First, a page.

Standard Chartered posts record $1.1bn first half profits

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The Independent Online

Standard Chartered, the London and Hong-Kong listed bank, reported record first half profits yesterday, beating analysts' expectations and hiking its interim dividend by another 10 per cent.

Pre-tax profits rose more than 50 per cent over the first six months of 2004, to $1.1bn (£600m), on an increase in net revenue of 16 per cent. Analysts had predicted profits of around $975m. Whilst overall costs were up 14 per cent, bad debts fell 47 per cent over the period.

Peter Sands, the finance director, said the results were due to an organic growth strategy, which saw operating profits in its consumer banking arm rise by 47 per cent over the half, and profits in its wholesale division grow by 31 per cent.

Continued prosperity in Asia, where the bank generates two-thirds of its profits, has been central to the group's success over the past six months. However, Mr Sands said the bank's other principal markets, Africa and the Middle East, have also performed strongly.

Earlier this year, the group became the first international bank to gain a license to operate in Iran since the country's Islamic revolution in 1979. It is also one of three western banks to open branches in Iraq since the war.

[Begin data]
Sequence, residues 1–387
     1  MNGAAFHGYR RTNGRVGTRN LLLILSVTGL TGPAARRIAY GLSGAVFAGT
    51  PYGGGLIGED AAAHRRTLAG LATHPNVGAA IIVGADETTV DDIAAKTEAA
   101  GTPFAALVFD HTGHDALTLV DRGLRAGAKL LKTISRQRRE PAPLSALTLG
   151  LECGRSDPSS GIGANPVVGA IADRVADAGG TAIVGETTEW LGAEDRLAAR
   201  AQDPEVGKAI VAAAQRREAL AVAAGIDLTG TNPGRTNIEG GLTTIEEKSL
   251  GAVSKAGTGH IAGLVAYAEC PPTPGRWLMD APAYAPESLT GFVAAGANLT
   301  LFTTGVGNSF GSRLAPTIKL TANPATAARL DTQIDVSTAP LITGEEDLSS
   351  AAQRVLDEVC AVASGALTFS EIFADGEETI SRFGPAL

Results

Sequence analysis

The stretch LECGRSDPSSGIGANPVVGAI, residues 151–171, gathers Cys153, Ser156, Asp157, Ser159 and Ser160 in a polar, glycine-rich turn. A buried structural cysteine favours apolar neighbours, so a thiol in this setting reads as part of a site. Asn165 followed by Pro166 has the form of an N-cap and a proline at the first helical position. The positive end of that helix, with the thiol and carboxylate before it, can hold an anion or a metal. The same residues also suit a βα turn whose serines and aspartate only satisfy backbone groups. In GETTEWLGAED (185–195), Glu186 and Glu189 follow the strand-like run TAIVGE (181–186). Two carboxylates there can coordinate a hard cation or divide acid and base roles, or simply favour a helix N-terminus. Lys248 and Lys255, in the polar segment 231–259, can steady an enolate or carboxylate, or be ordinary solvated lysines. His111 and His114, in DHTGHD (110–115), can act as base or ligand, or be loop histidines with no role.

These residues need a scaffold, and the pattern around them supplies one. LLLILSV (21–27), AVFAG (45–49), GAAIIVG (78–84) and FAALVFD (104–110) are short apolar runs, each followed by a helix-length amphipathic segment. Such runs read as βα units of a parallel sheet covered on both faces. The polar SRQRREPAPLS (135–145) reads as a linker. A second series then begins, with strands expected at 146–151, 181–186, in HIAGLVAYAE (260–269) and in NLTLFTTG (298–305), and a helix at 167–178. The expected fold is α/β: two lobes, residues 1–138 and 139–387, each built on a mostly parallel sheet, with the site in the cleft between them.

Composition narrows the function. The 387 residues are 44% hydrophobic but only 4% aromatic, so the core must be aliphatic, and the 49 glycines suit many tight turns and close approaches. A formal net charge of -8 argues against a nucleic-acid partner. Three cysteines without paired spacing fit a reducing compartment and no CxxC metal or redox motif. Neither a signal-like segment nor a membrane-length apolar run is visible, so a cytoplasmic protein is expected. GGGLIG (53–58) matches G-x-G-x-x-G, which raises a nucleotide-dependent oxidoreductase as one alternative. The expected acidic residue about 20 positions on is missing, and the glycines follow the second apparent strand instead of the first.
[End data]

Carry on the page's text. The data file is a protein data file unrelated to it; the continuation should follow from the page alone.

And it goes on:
Mr Sands refused to comment on rumours that Standard is keen to acquire a stake in the South African group, Standard Bank, reasserting that the company remains committed to mainly organic growth rather than acquisition. He said profits would be reinvested to maintain its current momentum. "We have taken advantage of our performance to invest particularly in the consumer bank," he said.

Mr Sands also denied the bank was vulnerable following the death of its largest shareholder Tan Sri Khoo. "TSK, as we know him, was a very supportive shareholder," he added. "We also know the family and they continue to be very supportive shareholders too. We don't see ourselves as being under any particular threat."

After initially dipping, shares in the company closed up 1.3 per cent at 924p, giving the company a market value of £10.8bn. Its shares are currently trading around the same levels as it began the year, making it the third best performer amongst Britain's 11 listed banks.